In most countries, the United States being the greatest exception, the party that files the trademark first is the party that will be deemed to have exclusive rights to it. Filing as quickly as you can once you have cleared your brand is critical. In the United States, which requires actual use to achieve registration, prompt filing on an intent to use basis will protect your brand from subsequent filers, even if others have commenced use, provided you file a statement showing you have established use within an allotted time frame.

Where should you file? It is simply not cost effective to file your new brand in every country and jurisdiction under the sun. Start by filing in the jurisdictions where you plan to use the brand, and/or manufacture the products identified by the brand.

While most trademark offices allow owners to file directly online, there are reasons to consider using expert legal professionals. Filing will require some specifics, such as identifying the classification of the goods and services the brand will be used in connection with, potential disclaimers of descriptive parts of the brand and writing an identification of the goods and services to be offered with the correct terminology, to name a few.

While many of the online portals for official trademark offices provide tutorial help, filing pro se (on one’s own behalf) can lead to difficulties down the line. Even more problematic can be using one of the myriad legal services companies that are not law firms, but which offer quick filing help. Often, these firms do little more than ask you for the information needed to file the form and do not flag any potential problems with the mark, such as descriptiveness or genericness or unregistrability, or other reasons. Even though some legal advice may be available for additional fees, these firms may not be equipped to deal with complex objections or inquiries from trademark offices.

The cost-effective solution, again, is to find experienced legal help. Many firms will offer flat fee arrangements, and there can be pro bono help as well. Your legal counsel can also aid your determination whether you should file your mark in multiple jurisdictions and, if so, help develop a comprehensive filing strategy to protect your brand.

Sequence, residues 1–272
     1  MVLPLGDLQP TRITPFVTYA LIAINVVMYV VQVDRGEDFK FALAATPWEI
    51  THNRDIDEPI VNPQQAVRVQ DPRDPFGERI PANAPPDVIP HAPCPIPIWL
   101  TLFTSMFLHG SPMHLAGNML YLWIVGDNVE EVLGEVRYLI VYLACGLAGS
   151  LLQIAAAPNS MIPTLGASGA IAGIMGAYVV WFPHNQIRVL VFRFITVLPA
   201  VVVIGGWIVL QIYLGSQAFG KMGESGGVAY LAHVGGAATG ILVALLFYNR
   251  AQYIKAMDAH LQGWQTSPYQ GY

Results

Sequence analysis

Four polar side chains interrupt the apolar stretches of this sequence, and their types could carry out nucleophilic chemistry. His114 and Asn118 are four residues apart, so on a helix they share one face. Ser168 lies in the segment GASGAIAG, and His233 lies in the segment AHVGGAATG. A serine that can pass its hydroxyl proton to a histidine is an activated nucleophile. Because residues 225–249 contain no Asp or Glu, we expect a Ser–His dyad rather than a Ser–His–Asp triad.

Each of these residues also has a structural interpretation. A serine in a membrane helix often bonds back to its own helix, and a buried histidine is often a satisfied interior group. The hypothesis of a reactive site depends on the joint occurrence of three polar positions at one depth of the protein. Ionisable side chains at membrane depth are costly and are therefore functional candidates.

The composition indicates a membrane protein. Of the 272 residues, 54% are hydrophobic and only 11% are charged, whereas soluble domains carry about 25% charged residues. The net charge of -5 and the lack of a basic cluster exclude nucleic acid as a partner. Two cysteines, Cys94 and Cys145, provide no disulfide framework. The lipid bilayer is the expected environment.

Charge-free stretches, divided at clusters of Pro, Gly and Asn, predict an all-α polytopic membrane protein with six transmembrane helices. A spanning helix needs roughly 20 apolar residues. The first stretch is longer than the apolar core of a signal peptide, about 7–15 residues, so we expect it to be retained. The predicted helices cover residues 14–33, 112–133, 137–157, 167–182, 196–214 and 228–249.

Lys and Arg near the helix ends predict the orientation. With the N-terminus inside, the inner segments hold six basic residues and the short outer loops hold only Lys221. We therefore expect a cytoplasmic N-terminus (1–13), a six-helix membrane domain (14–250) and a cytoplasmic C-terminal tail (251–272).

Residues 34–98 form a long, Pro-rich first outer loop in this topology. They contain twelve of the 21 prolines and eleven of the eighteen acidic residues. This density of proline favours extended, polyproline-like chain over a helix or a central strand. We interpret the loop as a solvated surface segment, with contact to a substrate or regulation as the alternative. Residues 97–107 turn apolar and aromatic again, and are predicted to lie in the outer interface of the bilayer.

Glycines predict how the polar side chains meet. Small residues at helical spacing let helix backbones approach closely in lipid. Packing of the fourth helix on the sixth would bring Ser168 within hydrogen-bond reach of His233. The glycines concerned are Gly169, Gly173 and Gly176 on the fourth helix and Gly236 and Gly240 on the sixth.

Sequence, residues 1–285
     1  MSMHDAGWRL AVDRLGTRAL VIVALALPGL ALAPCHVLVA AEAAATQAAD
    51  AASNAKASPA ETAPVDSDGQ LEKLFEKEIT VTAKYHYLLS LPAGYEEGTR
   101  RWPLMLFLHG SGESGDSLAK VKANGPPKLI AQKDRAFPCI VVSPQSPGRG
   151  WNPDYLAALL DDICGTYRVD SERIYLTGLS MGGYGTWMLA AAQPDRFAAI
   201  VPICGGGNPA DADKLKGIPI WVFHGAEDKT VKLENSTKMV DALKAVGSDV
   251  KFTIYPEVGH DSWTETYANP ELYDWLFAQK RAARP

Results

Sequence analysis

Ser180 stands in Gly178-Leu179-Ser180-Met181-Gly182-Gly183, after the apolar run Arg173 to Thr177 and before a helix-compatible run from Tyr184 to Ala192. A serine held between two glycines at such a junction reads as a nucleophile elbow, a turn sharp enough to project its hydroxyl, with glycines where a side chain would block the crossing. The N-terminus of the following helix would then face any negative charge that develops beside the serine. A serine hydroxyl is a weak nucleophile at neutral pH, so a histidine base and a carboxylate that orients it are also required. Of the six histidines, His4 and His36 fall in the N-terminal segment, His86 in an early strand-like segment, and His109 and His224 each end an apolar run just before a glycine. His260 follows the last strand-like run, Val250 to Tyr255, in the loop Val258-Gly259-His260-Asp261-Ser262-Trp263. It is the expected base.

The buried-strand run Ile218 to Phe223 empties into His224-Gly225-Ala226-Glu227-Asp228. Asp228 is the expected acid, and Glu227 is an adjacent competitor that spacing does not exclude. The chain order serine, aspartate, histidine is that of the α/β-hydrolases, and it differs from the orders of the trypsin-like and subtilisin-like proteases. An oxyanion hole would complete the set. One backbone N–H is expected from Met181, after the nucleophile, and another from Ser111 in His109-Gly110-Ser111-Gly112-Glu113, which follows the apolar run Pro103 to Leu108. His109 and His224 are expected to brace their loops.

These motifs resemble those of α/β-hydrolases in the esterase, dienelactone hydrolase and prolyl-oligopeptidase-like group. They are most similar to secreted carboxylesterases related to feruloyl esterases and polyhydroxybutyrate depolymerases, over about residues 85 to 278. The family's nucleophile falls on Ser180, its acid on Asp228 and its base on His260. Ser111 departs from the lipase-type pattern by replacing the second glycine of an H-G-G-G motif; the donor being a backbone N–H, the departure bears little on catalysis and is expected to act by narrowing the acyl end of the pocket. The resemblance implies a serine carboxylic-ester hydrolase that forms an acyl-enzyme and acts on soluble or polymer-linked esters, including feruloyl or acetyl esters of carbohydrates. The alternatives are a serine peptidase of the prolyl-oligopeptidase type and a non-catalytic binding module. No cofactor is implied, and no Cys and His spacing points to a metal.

Once filed, the trademark office scrutinizes the application and may raise questions or objections in the form of an office action. A lawyer should be able to advise you and draft a response to handle those questions and objections.

Skip down the road several months. Your brand is registered! You have exclusive rights in your new brand in your product categories! What does this mean for you in terms of next steps?

A first step towards acquiring trademark right is to conduct trademark clearance searches to identify competing uses, which could present a challenge to your use. Failing to do so can be costly.

Build brand recognition

First, use your brand in a consistent manner so that it develops customer recognition. Brands like Coca-Cola, for example, are instantly recognizable in part because of the consistent use of the same color scheme, font and logo. Unless the brand is meant to keep changing color, or the name is one in which the font varies on purpose, and customers recognize these as attributes of the brand, keep your use consistent. If you filed to register a logo or the name in distinctive typeface, use the mark as it was filed. Deviations from this mean that you may not be able to rely on your registrations should you need to enforce your rights.

Second, protect your brand by filing to register it as a domain name and secure your brand across social media platforms like Twitter, Instagram and others. 

Monitor your brand online

You should monitor your brand online to ensure it isn’t being misappropriated or misused. Often, your customers will be the first to let you know if that is happening. If you do come across such misuse, you will need to evaluate whether this use arises at a level, which would compel you to take action.

While imitation is the sincerest form of flattery, it can jeopardize the legal rights you’ve worked so hard to develop and protect. A demand letter asking that the use stop immediately is often the way to start, and again, this type of demand is best coming from legal counsel. If the injurious use is of an infringing domain name, there are procedures to challenge such use as well, which legal counsel can assist with relatively quickly and inexpensively.

If the infringing use is actual counterfeiting, in other words, fake products being marketed as if they were your products, you may need to take more aggressive legal steps, such as seeking relief in court, or asking for assistance from law enforcement. Those kinds of enforcement issues don’t usually arise immediately, but typically only after a brand has established cachet within its target demographic customer base. If you have established a good relationship with an experienced trademark attorney, you will have a resource that can come to your aid quickly. Your lawyer may also help you determine if you should take proactive measures such as filing a copy of your registration certificate with various customs offices, which can then seize counterfeit goods at the borders.

With a little investment of time and capital, and good legal advice, your brand can be good to go!

The WIPO Magazine is intended to help broaden public understanding of intellectual property and of WIPO’s work, and is not an official document of WIPO. The designations employed and the presentation of material throughout this publication do not imply the expression of any opinion whatsoever on the part of WIPO concerning the legal status of any country, territory or area or of its authorities, or concerning the delimitation of its frontiers or boundaries. This publication is not intended to reflect the views of the Member States or the WIPO Secretariat. The mention of specific companies or products of manufacturers does not imply that they are endorsed or recommended by WIPO in preference to others of a similar nature that are not mentioned.